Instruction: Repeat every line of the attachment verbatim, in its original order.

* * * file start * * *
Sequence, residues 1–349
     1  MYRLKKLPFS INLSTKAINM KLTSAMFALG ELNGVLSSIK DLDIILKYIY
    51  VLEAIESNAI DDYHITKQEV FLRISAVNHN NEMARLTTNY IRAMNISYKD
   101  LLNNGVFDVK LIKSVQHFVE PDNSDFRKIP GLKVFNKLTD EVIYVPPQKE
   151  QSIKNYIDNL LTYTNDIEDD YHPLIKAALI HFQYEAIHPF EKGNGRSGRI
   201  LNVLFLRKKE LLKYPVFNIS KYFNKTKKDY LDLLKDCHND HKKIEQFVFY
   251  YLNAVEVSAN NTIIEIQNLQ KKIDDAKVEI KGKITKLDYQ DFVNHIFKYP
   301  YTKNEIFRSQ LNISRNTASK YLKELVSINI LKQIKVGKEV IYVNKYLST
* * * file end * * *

Sequence, residues 1–349
     1  MYRLKKLPFS INLSTKAINM KLTSAMFALG ELNGVLSSIK DLDIILKYIY
    51  VLEAIESNAI DDYHITKQEV FLRISAVNHN NEMARLTTNY IRAMNISYKD
   101  LLNNGVFDVK LIKSVQHFVE PDNSDFRKIP GLKVFNKLTD EVIYVPPQKE
   151  QSIKNYIDNL LTYTNDIEDD YHPLIKAALI HFQYEAIHPF EKGNGRSGRI
   201  LNVLFLRKKE LLKYPVFNIS KYFNKTKKDY LDLLKDCHND HKKIEQFVFY
   251  YLNAVEVSAN NTIIEIQNLQ KKIDDAKVEI KGKITKLDYQ DFVNHIFKYP
   301  YTKNEIFRSQ LNISRNTASK YLKELVSINI LKQIKVGKEV IYVNKYLST